Again, a picture is worth a thousand words, so they say, so let me draw one for you.

I will use Amazon purely as an example; the problem persists EVERYWHERE!

First step: log on to KDP and enter the details of my new title. Now near the bottom of the page, the trap awaits. It’s a two-pronged beastie, cleverly designed to play with your mind, and that of your readers too.

I wrote the book; spent months researching, planning, plotting, typing, rewriting, editing, more rewriting… you get the picture. So you would think, at this juncture, filling in a few boxes on a form would be child’s play, right?

Someone find me a child. I’ve apparently committed a cardinal sin! I’ve written a novel, nay, a lot of novels, that DON’T fit in to the pre-labelled slots available!

A practical example to illustrate my dilemma: A few months ago I completed book 3 of my series ‘the CULL’. At that moment I was feeling great. It had been a challenge: three full-length, fast-paced tales filled with the feats of fantastic characters. Lots of F’s, you’ll note – I added one more when I tried to fit my novel into the available categories.

You see, dear fellow scribe or attentive reader, my sin was to do something different! In short, I created.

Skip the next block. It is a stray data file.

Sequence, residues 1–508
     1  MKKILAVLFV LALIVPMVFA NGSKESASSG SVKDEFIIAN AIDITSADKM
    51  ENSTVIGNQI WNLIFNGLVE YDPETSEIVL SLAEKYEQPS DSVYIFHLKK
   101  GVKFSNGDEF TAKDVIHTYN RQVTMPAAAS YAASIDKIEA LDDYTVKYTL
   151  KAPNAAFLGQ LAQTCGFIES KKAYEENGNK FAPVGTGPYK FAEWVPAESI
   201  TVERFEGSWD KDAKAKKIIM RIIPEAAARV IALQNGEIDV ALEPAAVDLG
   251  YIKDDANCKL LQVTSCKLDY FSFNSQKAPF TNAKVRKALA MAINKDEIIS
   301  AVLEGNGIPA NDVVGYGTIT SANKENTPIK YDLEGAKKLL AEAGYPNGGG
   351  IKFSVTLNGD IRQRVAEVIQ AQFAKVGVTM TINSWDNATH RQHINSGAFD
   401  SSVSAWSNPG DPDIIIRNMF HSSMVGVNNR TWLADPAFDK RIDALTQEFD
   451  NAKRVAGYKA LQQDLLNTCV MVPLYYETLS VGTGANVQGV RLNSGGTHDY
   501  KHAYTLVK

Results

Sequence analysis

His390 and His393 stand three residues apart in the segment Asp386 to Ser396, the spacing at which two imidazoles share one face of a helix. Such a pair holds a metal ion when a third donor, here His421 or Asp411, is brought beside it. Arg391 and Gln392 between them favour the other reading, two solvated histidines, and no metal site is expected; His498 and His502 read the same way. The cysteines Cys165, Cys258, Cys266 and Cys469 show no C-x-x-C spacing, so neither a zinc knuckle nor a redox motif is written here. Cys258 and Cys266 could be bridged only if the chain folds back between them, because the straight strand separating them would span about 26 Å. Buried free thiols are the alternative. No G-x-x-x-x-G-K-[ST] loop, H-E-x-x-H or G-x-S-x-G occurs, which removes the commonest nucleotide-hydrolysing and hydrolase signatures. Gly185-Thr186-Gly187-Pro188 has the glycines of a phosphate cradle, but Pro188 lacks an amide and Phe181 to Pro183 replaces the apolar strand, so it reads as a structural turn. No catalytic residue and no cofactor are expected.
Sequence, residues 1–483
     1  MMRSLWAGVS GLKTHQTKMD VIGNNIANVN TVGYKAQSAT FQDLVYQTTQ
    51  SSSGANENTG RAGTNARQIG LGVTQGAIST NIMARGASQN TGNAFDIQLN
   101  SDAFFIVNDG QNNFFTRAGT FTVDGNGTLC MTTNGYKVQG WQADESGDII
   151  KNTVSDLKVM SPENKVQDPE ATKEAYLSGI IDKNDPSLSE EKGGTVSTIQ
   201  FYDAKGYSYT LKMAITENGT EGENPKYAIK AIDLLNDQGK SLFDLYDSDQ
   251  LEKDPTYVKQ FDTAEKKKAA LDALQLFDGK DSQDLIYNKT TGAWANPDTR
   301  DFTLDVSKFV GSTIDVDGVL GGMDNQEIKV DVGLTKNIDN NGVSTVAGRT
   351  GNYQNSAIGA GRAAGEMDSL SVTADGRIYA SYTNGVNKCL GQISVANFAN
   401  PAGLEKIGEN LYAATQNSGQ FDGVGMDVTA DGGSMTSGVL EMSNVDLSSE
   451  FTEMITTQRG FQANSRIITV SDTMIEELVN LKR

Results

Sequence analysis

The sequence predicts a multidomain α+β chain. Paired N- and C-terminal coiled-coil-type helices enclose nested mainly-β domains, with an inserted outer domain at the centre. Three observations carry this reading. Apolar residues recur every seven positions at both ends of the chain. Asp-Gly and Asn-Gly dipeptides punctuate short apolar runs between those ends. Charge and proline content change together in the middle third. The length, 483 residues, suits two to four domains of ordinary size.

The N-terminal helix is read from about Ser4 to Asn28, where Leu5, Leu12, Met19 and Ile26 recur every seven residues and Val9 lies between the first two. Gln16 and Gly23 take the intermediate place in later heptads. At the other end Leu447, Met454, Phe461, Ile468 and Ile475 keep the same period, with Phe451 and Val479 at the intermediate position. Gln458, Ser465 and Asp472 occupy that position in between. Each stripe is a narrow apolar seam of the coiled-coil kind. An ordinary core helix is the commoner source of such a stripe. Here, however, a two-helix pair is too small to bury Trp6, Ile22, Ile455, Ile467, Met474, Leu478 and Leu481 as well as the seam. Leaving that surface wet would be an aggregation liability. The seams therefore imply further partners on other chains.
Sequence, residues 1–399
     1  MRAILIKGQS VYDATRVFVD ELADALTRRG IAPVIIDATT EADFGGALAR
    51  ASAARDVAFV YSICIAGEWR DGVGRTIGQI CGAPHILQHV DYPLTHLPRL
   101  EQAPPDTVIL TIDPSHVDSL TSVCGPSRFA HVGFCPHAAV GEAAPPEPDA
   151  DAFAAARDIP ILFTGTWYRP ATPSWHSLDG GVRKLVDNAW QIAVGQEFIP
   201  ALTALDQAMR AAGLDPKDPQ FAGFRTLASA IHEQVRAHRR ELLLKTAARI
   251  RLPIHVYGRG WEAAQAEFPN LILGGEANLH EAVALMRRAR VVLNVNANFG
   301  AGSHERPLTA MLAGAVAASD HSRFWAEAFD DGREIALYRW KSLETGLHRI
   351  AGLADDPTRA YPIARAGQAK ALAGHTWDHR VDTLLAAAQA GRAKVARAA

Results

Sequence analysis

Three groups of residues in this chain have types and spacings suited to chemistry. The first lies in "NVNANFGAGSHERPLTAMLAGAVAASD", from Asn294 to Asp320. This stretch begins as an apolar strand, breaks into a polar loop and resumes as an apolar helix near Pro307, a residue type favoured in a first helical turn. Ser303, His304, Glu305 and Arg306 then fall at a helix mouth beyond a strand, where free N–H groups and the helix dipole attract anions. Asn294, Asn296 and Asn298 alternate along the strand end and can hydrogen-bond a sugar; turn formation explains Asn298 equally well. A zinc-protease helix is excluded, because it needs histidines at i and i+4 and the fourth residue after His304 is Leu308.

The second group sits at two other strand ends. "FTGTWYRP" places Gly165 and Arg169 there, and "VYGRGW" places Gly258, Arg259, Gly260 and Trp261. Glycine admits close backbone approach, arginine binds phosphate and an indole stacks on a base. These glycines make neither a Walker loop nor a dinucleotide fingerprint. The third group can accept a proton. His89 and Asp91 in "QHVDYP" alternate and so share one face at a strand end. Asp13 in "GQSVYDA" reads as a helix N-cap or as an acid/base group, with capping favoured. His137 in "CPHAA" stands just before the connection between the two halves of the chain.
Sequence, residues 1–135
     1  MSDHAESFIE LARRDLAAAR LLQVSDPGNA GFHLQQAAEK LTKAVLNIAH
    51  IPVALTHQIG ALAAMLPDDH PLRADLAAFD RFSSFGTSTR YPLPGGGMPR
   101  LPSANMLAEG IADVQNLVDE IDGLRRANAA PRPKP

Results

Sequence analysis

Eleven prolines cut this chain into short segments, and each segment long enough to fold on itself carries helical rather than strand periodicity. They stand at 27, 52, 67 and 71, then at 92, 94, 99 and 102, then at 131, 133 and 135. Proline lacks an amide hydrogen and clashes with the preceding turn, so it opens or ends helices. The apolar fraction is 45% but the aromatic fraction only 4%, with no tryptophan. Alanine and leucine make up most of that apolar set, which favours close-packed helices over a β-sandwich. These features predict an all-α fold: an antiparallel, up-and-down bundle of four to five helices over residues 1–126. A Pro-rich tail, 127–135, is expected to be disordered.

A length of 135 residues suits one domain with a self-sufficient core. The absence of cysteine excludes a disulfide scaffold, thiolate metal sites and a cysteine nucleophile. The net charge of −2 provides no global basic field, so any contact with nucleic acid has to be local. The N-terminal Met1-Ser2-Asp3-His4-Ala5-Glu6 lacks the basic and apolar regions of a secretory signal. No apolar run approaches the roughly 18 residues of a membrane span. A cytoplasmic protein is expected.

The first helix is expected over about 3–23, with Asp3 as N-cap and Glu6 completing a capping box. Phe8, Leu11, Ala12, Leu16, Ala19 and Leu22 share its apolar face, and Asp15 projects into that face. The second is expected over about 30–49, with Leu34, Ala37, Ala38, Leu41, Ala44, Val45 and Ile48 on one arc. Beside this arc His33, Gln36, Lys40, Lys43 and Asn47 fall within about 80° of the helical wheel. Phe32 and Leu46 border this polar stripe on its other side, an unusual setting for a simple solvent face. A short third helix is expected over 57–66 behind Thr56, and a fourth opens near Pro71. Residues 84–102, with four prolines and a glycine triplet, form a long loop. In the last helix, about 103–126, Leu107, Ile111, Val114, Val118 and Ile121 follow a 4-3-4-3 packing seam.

I wrote a series of books which introduce you to events in the lives of two female Federal Agents. (That must be the CRIME category, right?) They work for a covert unit of Homeland Security. (Oh, hang on a minute, that could be ESPIONAGE. No problem, I get to list the books in two categories, so CRIME and ESPIONAGE). They find themselves initially chasing a Serial Killer, (SUSPENSE?) but the tale quickly takes an unexpected twist as a far-ranging conspiracy is revealed. (THRILLER territory?) Then it goes international in a big way, with protagonists and antagonists battling it out over several continents. (EPIC, anyone? Or is this a TRAVELOGUE รก la Dan Brown? If you’ve read his latest, you’ll know what I mean.)

Oh! Did I mention there are vampires?

Whoops! That’s torn it! PARANORMAL, you cry, for all you’re worth.

Yeah, I know they’re not your run-of-the-mill vampires; not shiny or romantic at all. Nor are they angst-filled teenagers.

Up until I introduced THAT word, I was clearly heading in the SUSPENSE THRILLER direction. So what else is in the books? Well, the protagonists use computers, the latest in surveillance techniques and there are guns, explosions, and gadgets galore. Wait, it’s a TECHNO-THRILLER!